Cities are difficult to navigate at the best of times, but for people with disabilities they can be like an obstacle course and a maze wrapped into one.
A UK national travel survey found that adults with mobility difficulties took 39% fewer trips than those with no disability in 2017. Yet that could change as devices and cities grow smarter.
Assistive tech is playing a big role in the transformation. The global value of the industry is expected to increase from $14 billion in 2015 to $30.8 billion in 2024, according to Zion Market Research and Coherent Market Insights.
Here are three high-tech solutions making cities easier for people with disabilities.
A wheelchair that can climb stairs
Jose Di Felice, from Switzerland, was paralyzed in both legs and one arm after a high-speed motorcycle accident three years ago.
While adjusting to life in a wheelchair, he realized that stairs were his biggest hurdle. He took to YouTube to look for alternatives and discovered Scewo. The startup has built a wheelchair that can be controlled through a smartphone. It can tackle a range of terrains, and has special rubber tracks for climbing stairs.
Di Felice requested a test drive and soon after he was climbing the steps of the local town hall in a wheelchair. “It was really emotional to go up these stairs, and look down there and say that it’s possible,” he says.
The wheelchair is expected to be distributed to users by the end of 2019, and Di Felice will be one of the first to receive the product.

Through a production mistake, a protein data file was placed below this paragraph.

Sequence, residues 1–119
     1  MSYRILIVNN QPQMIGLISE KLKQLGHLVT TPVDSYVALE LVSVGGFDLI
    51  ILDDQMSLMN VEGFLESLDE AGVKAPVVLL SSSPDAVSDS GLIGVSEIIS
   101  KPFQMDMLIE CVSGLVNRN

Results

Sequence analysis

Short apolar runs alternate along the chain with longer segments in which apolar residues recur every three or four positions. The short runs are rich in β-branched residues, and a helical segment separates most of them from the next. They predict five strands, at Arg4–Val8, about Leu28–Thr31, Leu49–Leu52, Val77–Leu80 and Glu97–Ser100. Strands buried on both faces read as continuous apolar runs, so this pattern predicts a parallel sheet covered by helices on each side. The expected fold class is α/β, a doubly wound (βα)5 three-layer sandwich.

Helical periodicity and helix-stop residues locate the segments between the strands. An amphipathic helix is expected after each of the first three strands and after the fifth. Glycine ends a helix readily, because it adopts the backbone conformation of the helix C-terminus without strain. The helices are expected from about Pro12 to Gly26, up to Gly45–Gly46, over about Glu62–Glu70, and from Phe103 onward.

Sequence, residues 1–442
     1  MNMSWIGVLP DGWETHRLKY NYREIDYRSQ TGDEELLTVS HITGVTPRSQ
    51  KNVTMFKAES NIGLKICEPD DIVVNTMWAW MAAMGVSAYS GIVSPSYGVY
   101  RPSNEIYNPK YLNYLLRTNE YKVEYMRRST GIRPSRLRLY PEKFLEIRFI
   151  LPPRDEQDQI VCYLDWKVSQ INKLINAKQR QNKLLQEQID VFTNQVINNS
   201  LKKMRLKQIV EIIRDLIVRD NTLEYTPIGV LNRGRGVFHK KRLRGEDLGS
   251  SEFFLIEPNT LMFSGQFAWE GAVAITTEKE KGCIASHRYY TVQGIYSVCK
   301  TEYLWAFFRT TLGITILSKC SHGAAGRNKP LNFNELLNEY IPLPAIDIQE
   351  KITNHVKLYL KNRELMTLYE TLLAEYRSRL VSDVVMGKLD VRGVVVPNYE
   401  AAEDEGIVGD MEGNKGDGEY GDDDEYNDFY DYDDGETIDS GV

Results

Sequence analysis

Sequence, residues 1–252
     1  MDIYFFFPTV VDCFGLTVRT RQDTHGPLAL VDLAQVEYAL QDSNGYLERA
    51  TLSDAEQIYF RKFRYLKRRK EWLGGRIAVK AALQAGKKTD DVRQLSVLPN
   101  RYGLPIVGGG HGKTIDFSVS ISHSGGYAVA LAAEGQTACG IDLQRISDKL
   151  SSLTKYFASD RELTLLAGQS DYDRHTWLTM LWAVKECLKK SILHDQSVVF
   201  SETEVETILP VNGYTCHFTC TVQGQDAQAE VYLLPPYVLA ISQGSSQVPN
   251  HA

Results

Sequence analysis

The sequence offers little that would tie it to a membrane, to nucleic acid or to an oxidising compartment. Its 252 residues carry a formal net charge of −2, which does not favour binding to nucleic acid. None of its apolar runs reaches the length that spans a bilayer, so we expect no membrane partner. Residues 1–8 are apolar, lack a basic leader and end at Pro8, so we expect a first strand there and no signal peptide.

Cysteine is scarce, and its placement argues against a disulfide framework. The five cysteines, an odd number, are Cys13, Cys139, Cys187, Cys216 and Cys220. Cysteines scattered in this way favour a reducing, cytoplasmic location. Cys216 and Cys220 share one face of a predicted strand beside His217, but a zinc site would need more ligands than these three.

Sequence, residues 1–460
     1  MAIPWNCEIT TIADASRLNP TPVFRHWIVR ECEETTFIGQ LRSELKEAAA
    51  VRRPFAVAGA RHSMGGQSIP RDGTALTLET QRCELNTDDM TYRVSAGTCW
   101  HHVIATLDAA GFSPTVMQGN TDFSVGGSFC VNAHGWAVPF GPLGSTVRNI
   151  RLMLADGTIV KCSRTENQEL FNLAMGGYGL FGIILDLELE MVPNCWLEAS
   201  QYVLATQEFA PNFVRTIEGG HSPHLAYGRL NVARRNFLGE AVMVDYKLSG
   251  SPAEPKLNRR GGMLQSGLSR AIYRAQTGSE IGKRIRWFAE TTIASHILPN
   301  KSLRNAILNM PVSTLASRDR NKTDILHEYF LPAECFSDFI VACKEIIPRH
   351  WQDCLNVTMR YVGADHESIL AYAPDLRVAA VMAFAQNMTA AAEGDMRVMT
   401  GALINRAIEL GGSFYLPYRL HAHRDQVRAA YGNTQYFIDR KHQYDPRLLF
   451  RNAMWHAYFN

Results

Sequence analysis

“We cannot wait on having all these ramps built,” Bernhard Winter, the CEO and founder of Scewo, says of urban mobility. “This is why we developed this product, so it gives you back mobility and freedom.”
A robotic exomuscle suit
Wearable tech is also becoming more sophisticated. Zurich-based start-up MyoSwiss has developed an exomuscle suit with a combination of robotics and textiles.
The robotic garment, weighing less than 5 kilograms (11 pounds), adds a layer of muscle that supports movements and provides stability to people with mobility impairments. It uses sensors at the knee and hip to detect movements the user wants to make and helps accordingly.
“It assists people that need extra force or extra assistance in their daily life,” says Jaime Duarte, CEO of MyoSwiss. “[It’s] for people that can still walk to some extent but maybe struggle to stand out from a chair or struggle to go upstairs.”
This year the MyoSuit enabled two people with mobility limitations to take part in a relay version of the Zurich marathon.